This means that for an index i (starting at \(i=1\)) along a certain dimension, the corresponding dimension value (coordinate, time) is \(\mbox{offset} + (i-1) \times \mbox{delta}\). This value then refers to the start (edge) of the cell or interval; in order to get the interval middle or cell centre, one needs to add half an offset.

Dimension band is a simple sequence from 1 to 6. Since bands refer to colors, one could put their wavelength values in the values field.

For this particular dataset (and most other raster datasets), we see that offset for dimension y is negative: this means that consecutive array values have decreasing \(y\) values: cell indexes increase from top to bottom, in the direction opposite to the \(y\) axis.

read_stars reads all bands from a raster dataset, or optionally a subset of raster datasets, into a single stars array structure. While doing so, raster values (often UINT8 or UINT16) are converted to double (numeric) values, and scaled back to their original values if needed if the file encodes the scaling parameters.

The data structure stars is a generalisation of the tbl_cube found in dplyr; we can convert to that by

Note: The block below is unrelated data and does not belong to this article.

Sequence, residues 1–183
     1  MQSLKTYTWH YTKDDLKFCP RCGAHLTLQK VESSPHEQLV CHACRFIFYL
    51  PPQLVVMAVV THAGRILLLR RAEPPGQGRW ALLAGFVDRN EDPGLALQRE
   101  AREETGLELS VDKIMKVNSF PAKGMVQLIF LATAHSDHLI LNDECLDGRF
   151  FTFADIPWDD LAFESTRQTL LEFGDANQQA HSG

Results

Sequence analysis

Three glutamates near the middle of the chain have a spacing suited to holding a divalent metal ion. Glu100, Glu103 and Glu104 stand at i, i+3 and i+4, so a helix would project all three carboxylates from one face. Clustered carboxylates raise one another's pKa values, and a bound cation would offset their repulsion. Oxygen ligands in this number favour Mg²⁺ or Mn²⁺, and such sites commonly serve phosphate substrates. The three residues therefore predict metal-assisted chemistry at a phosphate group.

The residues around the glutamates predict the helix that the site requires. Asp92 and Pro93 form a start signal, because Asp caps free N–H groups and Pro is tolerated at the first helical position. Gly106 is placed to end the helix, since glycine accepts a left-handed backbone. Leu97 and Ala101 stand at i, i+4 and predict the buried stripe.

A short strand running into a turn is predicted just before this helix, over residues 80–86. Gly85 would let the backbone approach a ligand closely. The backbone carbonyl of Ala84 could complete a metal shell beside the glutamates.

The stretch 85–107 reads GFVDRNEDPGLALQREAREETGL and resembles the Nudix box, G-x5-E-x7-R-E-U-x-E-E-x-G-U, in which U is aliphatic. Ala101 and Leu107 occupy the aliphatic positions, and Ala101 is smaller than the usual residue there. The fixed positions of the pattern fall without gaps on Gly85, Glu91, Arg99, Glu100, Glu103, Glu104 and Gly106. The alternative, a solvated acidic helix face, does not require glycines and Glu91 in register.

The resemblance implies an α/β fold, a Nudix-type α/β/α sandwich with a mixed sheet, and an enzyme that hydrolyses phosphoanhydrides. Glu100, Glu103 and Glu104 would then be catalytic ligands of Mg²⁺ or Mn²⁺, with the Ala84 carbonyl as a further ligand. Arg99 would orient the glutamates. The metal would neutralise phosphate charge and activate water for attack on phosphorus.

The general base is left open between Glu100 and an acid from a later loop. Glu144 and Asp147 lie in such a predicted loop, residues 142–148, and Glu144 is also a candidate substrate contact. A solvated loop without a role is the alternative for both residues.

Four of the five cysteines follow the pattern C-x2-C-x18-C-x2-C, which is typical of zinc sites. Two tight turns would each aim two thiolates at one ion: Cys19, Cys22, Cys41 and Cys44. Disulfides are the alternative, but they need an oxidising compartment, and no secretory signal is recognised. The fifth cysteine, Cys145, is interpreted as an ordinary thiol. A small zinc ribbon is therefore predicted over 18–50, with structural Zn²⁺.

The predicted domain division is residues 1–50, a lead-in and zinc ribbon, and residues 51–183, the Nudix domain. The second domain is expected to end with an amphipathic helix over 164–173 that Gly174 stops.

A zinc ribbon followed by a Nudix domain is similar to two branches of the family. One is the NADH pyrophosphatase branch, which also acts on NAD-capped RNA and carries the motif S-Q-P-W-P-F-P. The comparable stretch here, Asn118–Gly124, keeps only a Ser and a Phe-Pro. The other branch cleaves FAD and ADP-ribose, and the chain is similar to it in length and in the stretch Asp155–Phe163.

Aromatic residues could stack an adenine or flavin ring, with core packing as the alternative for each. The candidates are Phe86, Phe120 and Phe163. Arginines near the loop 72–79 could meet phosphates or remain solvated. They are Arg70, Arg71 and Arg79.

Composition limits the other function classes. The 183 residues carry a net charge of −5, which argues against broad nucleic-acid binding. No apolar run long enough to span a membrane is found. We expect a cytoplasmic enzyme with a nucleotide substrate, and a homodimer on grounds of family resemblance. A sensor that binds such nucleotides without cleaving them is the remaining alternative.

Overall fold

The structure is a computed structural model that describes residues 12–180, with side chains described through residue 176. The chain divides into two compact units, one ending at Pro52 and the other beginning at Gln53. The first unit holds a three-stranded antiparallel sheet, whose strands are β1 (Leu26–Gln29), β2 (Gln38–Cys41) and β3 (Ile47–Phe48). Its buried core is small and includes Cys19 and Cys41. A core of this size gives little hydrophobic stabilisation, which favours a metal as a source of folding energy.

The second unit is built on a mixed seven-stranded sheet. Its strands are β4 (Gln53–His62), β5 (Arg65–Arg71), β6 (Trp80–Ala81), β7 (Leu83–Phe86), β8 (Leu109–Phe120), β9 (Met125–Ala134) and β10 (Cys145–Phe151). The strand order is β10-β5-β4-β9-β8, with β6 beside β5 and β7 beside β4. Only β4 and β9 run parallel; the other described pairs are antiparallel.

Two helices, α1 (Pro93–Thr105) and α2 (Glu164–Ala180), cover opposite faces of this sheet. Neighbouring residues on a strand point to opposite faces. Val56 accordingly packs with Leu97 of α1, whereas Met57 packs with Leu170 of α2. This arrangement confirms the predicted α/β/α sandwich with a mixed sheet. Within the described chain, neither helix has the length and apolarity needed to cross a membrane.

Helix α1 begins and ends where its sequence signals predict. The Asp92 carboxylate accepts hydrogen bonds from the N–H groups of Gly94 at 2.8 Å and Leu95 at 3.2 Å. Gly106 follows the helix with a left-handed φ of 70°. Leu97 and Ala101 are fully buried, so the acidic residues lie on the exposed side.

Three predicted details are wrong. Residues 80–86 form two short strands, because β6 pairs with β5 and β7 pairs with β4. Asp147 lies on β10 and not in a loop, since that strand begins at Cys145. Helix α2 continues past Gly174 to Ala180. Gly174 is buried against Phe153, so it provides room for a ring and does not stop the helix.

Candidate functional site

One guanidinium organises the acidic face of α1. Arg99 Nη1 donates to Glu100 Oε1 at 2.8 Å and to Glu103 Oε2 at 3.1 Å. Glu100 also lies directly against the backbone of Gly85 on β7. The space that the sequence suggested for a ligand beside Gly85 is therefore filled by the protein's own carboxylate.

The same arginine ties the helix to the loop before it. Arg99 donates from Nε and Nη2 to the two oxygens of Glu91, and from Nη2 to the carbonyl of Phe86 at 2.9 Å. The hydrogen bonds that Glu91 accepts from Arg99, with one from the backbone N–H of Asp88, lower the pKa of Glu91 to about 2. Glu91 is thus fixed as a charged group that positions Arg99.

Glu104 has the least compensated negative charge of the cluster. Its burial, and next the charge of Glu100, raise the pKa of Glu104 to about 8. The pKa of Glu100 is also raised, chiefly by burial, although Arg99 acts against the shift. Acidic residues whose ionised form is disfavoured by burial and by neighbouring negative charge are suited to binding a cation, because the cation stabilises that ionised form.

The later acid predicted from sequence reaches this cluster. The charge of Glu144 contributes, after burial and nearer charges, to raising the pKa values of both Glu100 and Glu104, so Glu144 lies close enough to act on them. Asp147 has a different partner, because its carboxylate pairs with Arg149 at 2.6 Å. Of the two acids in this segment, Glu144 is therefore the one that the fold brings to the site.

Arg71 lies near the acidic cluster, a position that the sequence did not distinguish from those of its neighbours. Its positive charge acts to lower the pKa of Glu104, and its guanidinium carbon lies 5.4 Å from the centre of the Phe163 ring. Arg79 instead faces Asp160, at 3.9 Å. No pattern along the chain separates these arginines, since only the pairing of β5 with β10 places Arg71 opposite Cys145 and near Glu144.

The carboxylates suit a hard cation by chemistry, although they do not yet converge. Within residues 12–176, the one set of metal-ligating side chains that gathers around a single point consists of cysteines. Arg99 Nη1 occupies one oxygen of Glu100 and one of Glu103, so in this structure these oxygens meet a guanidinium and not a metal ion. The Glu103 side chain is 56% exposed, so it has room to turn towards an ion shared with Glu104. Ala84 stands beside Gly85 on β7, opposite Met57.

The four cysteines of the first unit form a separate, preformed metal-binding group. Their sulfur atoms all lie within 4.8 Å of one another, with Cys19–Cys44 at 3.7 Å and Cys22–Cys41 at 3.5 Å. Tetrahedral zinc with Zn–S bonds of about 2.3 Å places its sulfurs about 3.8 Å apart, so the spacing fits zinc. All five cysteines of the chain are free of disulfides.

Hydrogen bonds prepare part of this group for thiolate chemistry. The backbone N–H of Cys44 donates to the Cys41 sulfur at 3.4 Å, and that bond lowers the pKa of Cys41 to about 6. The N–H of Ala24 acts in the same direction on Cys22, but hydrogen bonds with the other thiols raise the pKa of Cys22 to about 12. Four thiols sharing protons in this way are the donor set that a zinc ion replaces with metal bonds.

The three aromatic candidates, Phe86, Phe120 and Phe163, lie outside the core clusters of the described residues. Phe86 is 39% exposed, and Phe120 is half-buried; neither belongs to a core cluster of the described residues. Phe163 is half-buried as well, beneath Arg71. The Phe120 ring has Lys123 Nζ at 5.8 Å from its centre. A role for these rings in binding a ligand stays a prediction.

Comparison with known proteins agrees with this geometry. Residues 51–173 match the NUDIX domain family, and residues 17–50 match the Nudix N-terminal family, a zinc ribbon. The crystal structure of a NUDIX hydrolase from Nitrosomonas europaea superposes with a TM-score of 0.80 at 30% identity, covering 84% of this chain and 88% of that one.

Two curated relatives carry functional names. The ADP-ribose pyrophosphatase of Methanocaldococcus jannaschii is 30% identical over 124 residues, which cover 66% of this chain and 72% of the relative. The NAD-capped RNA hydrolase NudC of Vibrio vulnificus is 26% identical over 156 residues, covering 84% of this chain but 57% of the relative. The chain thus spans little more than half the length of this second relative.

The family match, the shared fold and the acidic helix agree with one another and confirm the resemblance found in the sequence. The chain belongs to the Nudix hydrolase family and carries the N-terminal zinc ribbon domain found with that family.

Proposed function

but this will cause a loss of certain properties (cell size, reference system, vector geometries)

Switching attributes to dimensions and back

We see that the newly created dimension lost its name, and the single attribute got a default name. We can set attribute names with setNames, and dimension names and values with st_set_dimensions:


Besides the tidyverse subsetting and selection operators explained in this vignette, we can also use [ and [[.

Since stars objects are a list of arrays with a metadata table describing dimensions, list extraction (and assignment) works as expected:

At this level, we can work with array objects directly.